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1 In the light of the narrative that has just preceded the leisurely progress of the consul after the battle is hard to explain or defend. A more relentless pursuit by the cavalry, reinforced with light infantry, and liaison with the fleet of Atilius, which was operating off the eastern coast, might easily have resulted in the capture of the king and the final termination of the war. Instead of following the coast route after the battle, Glabrio marched well inland, with no apparent motive, and the time he thus consumed (note especially per omnes dies in xx. 1 above) gave the king the opportunity to reach Chalcis, reorganize the remnant of his forces, and make good his escape. We should remember that communications were slow and uncertain for both sides and information scanty and unreliable. It should also be pointed out that Livy shows no sign that he considers Acilius delinquent in any way, and there is no mention of any criticism on this ground a year later, when he was sharply criticized for other things (XXXVII. lvii. 10-15).
2 B.C. 191
3 These details might almost have been taken from some eulogistic biography (or autobiography?) of Cato: cf. the note to XXXIV. xxi. 8. The account in Plutarch (Cato xiv) differs in several respects. According to it Cato was sent immediately after the battle, that he might be the first to report his own achievements; the route was different but the five-day land journey is the same; there is no mention of Scipio.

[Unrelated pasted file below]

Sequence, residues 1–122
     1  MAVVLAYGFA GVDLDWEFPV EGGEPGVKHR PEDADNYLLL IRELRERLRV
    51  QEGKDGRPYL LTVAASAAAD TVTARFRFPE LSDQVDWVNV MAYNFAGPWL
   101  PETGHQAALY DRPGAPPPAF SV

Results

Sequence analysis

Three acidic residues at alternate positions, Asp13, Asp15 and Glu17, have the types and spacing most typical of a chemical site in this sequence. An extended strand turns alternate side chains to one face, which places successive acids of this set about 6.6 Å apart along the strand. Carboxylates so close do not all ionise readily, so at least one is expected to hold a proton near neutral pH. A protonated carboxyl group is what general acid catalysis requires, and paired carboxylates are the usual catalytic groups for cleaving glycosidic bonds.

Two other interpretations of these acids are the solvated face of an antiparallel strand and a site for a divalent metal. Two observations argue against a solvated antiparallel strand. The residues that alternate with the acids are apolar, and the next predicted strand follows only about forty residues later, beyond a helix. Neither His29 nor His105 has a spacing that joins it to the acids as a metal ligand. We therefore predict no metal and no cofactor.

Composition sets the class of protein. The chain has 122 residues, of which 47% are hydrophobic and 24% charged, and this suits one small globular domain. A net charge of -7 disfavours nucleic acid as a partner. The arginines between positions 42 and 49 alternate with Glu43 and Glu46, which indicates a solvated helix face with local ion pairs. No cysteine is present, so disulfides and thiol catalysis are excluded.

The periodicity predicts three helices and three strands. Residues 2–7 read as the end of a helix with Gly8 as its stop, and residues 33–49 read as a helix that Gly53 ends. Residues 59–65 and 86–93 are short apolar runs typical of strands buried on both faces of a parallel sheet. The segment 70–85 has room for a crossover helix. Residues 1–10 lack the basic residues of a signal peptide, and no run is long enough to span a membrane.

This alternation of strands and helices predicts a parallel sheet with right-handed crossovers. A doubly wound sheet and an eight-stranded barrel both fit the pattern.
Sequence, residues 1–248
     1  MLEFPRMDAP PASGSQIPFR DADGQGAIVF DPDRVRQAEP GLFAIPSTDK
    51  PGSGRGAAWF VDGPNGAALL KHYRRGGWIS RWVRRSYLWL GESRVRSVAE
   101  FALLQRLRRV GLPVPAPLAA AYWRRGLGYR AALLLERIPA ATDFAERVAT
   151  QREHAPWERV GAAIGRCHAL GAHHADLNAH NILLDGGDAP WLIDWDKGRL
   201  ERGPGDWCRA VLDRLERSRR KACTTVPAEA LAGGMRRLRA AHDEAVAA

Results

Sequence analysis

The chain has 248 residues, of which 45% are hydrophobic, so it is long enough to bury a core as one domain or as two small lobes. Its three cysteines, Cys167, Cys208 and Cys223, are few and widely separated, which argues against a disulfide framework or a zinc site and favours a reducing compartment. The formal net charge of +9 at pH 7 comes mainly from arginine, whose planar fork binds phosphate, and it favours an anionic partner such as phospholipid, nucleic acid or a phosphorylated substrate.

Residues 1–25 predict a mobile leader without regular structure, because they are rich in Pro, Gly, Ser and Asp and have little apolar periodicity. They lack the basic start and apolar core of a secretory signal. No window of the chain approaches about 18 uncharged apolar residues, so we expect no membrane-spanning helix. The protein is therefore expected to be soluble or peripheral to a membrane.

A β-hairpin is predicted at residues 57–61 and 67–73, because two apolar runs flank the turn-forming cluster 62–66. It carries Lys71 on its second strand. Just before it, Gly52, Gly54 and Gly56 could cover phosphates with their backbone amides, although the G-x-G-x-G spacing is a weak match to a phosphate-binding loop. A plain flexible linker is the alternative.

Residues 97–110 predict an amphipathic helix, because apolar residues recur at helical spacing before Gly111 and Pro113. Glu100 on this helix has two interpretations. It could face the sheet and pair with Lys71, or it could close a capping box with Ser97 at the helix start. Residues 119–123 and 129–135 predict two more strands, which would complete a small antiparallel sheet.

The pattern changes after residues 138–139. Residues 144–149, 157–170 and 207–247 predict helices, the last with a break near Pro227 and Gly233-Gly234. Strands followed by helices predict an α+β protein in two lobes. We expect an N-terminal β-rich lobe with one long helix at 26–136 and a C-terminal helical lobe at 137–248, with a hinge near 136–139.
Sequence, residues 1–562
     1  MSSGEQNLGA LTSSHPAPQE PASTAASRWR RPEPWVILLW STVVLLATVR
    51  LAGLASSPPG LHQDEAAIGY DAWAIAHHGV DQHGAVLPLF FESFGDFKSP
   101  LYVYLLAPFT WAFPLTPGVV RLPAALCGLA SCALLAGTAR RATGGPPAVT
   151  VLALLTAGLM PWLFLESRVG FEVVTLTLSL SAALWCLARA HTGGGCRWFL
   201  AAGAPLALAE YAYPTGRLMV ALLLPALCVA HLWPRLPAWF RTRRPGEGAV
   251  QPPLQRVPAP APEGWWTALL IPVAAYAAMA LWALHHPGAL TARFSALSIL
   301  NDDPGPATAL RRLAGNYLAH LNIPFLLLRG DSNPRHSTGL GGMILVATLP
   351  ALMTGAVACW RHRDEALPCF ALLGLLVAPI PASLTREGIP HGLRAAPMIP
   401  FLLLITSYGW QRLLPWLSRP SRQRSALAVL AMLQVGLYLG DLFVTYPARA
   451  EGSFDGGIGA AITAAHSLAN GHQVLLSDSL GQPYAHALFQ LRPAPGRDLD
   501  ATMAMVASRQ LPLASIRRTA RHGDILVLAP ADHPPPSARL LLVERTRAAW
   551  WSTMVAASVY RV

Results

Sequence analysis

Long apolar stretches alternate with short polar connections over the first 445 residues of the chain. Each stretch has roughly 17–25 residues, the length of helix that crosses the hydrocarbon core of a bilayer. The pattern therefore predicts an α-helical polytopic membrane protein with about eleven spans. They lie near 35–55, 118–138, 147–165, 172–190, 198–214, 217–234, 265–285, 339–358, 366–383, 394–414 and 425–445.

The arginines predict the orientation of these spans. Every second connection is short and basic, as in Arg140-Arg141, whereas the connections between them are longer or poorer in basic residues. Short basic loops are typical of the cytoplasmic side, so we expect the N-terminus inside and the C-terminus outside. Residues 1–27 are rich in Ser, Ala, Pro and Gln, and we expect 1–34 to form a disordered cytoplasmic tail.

4 Scipio had been defeated in the consular election for this year (XXXV. xxiv. 4) but was elected for the following year (xlv. 9 below). There is no other reference to his presence in Greece, and Livy may have confused his visit to Rome with one of Publius Scipio to announce a victory in Gaul (xxxix. 4 below).
5 For his appointment to Spain see XXXIV. Iv. 6; cf. also xxxix. 1 below.
6 B.C. 191
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